Shannah Laumeister on Bert Stern: Original Madman by Bill Biss originally published in ShowBiss.
Now and for some time, Shannah Laumeister has been Mrs. Bert Stern. In 2013, I interviewed her for a very special reason. Laumeister had just released a documentary film and a brilliant one at that… on Bert Stern. Stern was a remarkable photographer of the first caliber and her partner in life at this time. You wouldn’t imagine how many famous people he’s had the pleasure of photographing… but to drop just one name; is Marilyn Monroe. Her documentary is titled Bert Stern: Original Madman. There are many incredible photos to discover through his skills and many indelible moments to discover from a realistic and loving portrait of Stern from Laumeister. (Bert Stern died a few months after this interview). Her love for him lives on.
An intimate look into the private life and mind of the formidable photographer.
Christy's Art Center Displays Bert Stern's Stills and Sketches in "Lolita in Sag Harbor" by Stephanie Murg
Christy's Art Center Displays Bert Stern's Stills and Sketches in "Lolita in Sag Harbor" by Stephanie Murg originally published in Hamptons Magazine.
“Lolita in Sag Harbor” explores an iconic movie image in the place where it came to life.
Little-known fact: The famous poster image of Sue Lyon, star of Stanley Kubrick’s 1962 film Lolita—with heartshaped sunglasses, pursed lips, and lollipop, all gleaming cherry-red— was created in Sag Harbor. The sultry publicity stills shot by legendary photographer Bert Stern are now on display, with his sketches and notes, at Christy’s Art Center.
The Search for Love and Lolita in Sag Harbor by Annette Hinkle originally published in Sag Harbor Express.
In the summer of 1961, photographer Bert Stern traveled from New York City to Sag Harbor with a 15-year old actress and her mother.
The trio stayed at the home of stylist Nancy Pearl and her husband, Arnold, and for the next seven days, Stern shot countless roles of film of the young actress in various Sag Harbor locations — on the porch of The American Hotel, in front of Barons Cove Inn, and through the mullioned-windowed door of the long-gone Bayview Hotel (now the site of People’s United bank).
Finally, he took the young actress to Pierson High School where he photographed her in a car after outfitting her with a series of all-American props he had picked up at the Sag Harbor Variety store, including lollipops, American flags, and a 39-cent pair of red heart shaped glasses.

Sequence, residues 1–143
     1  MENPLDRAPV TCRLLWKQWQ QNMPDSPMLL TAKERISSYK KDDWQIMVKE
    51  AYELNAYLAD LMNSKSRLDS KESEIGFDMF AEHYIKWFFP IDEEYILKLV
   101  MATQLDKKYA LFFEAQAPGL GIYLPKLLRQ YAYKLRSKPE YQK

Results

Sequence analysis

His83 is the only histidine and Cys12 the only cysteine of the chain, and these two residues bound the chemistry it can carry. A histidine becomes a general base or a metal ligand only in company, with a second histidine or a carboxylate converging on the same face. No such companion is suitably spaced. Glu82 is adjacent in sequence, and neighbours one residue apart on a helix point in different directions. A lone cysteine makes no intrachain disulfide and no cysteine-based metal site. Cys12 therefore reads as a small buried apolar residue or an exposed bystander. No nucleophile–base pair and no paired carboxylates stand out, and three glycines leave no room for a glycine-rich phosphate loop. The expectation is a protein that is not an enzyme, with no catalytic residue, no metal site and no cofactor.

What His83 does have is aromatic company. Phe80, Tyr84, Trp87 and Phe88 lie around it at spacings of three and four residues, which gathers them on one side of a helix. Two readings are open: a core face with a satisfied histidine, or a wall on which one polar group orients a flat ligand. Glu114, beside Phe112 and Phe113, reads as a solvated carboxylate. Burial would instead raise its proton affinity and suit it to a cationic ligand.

The photographer Bert Stern claims that the only truly great portrait of a movie star was the famously stark 1929 Edward Steichen image of Garbo with her hair severely pulled back, revealing that immortal face. He set about to do the same for Marilyn Monroe on a Vogue commission and, especially with the winsome yet haunting nude poses shot shortly before her death in her last sitting, achieved his goal.
Bert Stern: Original Mad Man, a terrific, jaw-droppingly candid documentary made by his longtime lover, Shanna Laumeister, covers this heady episode, which took place in a champagne-soaked hotel suite, in depth, but also reveals that Stern, born in 1929, was so much more than Monroe’s greatest, most intimate photographer. One of the absolute original Mad Men, he made his name in the 1950s with a remarkable series of Smirnoff vodka ads—notably one taken in front of the pyramids—which not only revolutionized ad imaging, but also turned the world into vodka drinkers. Coming from humble, non-artistic Jewish origins, at his height he ran a bustling studio that was a nonstop creative assembly line of photo and commercial film shoots.
I wasn’t expecting much from Shannah Laumeister‘s Bert Stern: Original MadMan. Everybody knows Stern as the sharpie who took those legendary semi-nude snaps of Marilyn Monroe (i,e. “The Last Sitting“) a few weeks before she died, but I didn’t know anything about Stern, the man. (Or madman.) But I wanted to.
Laumeister’s film started off like a typical blowjob profile so right away I was antsy. It showed Stern attending a Manhattan art-gallery exhibition of his work and being glad-handed by the swells and the hangers-on. And then a series of reputable authorities began telling Shannah what a visionary fellow Stern is/was/will always be. Blah blah blah.
But then it shifted gears and Stern started telling the story of his life, and before I knew it I was hooked. I began to feel relaxed with the guy and those big sad eyes and that quiet, low-key, matter-of-fact way of speaking. And then I began to learn about what he’s done and I realized soon enough that Stern really was one of the biggest portrait photography and zeitgeist-capturing ad visionaries of the ’50s, ’60s and ’70s. And perhaps one of the great nookie kings of that era. Jesus God, a kid in a candy store!
If the plaudits are to be believed, Bert Stern is the man who, amongst other things, revolutionised American advertising in the 1950s; initiated the relationship between Richard Burton and Elizabeth Taylor and inspired America to become a nation of vodka drinkers.
He also found time to father three children, have a string of marriages and divorces and photograph just about anybody who was anybody. His extensive career and personal life are portrayed in BERT STERN: ORIGINAL MADMAN through a combination of interviews, home-movies, still photographs and stock footage.